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Nearly all of us want a self-driving car, says new survey

Detroit News business columnist Daniel Howes says Ford could stand to refresh its model lineup, and should invest more in connected vehicles.
Ford Motor Company
A self-driving car being tested at M-City

Nearly 75% of people surveyed by AlixPartners say they'd be interesting in an autonomous, AKA self-driving car.

The number jumps to 90% if the self-driving car includes the option of letting a human take control if deemed necessary.

Mark Wakefield of AlixPartners says he thinks his survey found more interest in self-driving cars because of the way they phrased the questions. The survey provided details about the positives of self-driving cars, in addition to the negatives.

"There's probably a bit too much "scaring" going on (in other surveys)," says Wakefield, "and there isn't a product to actually touch and feel and experience."

More people also think tech companies should develop and provide the software for self-driving cars, rather than automobile companies.  Forty-one percent of people say Silicon Valley would be the preferred provider of autonomous vehicle technology, compared to 36% who say automakers would be better.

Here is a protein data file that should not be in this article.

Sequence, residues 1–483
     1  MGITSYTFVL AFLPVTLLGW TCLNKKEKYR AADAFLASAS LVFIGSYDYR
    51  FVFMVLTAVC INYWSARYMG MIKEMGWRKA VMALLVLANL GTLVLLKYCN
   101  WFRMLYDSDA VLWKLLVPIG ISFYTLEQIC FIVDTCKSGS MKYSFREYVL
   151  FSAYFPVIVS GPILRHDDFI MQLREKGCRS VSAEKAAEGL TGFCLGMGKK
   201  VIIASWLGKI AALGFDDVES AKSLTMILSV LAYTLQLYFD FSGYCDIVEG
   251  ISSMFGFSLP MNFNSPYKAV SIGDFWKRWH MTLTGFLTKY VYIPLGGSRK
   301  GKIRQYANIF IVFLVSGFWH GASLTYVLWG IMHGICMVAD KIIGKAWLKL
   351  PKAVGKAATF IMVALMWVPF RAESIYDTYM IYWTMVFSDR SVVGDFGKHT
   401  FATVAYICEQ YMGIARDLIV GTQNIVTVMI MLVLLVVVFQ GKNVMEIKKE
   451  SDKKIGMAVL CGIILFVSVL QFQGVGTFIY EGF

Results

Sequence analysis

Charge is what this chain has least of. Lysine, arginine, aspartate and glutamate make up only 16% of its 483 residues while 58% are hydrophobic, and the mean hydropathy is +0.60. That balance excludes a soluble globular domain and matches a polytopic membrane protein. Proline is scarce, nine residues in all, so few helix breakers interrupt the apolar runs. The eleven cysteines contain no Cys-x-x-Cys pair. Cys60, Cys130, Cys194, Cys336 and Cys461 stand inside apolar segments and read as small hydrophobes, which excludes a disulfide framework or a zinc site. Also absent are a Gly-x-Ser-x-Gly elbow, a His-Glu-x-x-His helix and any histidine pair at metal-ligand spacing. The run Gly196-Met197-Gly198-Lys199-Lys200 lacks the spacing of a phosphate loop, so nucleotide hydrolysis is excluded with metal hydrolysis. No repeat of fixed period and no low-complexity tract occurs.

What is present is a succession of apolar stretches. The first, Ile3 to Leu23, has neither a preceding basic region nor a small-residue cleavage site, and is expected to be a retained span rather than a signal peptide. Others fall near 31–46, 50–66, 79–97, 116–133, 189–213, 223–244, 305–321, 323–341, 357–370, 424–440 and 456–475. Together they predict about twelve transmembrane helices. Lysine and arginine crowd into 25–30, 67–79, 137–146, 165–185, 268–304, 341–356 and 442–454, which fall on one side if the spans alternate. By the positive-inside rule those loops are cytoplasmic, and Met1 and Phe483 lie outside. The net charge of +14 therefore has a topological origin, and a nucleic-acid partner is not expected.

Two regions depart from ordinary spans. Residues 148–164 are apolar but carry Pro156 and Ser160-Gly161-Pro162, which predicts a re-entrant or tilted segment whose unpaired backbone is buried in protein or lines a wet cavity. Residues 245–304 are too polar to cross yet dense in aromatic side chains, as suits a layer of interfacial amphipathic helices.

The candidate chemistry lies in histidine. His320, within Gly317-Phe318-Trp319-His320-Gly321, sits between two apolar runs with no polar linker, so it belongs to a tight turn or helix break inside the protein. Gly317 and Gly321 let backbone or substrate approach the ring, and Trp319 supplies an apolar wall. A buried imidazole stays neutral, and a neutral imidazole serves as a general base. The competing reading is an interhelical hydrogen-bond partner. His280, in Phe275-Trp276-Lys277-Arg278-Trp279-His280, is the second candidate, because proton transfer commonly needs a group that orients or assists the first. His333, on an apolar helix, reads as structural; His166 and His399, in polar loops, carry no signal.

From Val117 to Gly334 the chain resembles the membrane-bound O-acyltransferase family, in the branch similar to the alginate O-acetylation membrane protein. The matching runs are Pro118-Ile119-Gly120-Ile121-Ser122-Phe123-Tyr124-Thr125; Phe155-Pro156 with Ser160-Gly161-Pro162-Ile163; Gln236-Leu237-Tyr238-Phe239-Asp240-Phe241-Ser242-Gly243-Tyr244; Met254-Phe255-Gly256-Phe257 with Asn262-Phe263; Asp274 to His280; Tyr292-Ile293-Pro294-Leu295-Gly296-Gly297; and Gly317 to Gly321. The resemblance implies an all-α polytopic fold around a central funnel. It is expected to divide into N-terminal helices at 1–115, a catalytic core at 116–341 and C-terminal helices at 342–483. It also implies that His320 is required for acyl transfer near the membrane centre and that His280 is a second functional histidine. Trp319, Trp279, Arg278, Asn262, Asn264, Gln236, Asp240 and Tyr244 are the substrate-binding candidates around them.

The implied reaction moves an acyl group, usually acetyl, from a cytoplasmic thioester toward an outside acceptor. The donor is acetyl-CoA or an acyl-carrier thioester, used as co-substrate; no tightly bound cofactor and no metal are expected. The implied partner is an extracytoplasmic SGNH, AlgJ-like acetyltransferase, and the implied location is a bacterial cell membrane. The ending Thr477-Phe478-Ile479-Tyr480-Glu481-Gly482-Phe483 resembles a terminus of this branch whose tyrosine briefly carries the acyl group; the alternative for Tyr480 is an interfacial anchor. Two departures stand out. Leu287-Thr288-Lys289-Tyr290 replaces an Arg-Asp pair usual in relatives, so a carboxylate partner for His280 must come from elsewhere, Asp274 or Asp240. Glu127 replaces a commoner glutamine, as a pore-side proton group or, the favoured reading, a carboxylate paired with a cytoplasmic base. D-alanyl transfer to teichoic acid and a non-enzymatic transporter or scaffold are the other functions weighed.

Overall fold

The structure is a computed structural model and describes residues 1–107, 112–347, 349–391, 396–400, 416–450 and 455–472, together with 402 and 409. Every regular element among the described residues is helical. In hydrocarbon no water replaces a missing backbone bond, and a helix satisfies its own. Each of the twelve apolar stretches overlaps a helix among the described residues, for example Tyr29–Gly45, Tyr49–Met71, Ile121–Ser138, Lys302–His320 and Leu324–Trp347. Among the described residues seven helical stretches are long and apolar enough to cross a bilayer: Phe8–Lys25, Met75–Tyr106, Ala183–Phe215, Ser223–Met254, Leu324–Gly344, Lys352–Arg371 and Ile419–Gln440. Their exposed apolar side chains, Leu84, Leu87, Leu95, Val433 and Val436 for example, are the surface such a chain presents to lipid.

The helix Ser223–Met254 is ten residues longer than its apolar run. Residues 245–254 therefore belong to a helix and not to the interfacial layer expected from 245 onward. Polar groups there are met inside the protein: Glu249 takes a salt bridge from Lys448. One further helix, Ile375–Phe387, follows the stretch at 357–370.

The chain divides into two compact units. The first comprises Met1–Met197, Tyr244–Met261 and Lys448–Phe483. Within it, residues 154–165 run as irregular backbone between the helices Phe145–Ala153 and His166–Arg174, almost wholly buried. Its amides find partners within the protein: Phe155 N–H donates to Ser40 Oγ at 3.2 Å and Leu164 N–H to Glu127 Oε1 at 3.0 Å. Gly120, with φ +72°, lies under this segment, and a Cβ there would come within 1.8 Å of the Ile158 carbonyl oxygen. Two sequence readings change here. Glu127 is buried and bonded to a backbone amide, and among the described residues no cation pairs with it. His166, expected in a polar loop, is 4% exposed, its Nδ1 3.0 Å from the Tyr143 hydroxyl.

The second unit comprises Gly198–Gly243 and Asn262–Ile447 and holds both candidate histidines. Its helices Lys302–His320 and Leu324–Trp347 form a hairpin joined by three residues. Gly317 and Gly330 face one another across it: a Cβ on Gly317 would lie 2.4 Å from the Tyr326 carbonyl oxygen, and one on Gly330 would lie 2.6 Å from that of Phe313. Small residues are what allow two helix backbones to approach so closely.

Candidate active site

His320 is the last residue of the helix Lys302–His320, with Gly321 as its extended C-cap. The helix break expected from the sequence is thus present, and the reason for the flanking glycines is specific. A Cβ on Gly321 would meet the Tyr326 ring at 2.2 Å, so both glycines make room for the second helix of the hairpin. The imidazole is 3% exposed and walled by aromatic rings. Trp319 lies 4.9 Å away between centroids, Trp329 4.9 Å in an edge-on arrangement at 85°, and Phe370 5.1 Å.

Wakefield says autonomous vehicles could erode the image of certain brands more than others. Brands like Toyota and Honda, which have a reputation for reliability and safety, would probably do pretty well if they offered an autonomous vehicle.  But "performance" brands like BMW, which rely heavily on the driving experience as a selling point, could see their images suffer.

*Editor's note: This survey was conducted before yesterday's news that a Tesla driver in Florida was killed while his vehicle was in "autopilot" mode. The National Highway Transportation Safety Board is investigating the death.  

Tracy Samilton covers energy and transportation, including the auto industry and the business response to climate change for Michigan Public. She began her career at Michigan Public as an intern, where she was promptly “bitten by the radio bug,” and never recovered.
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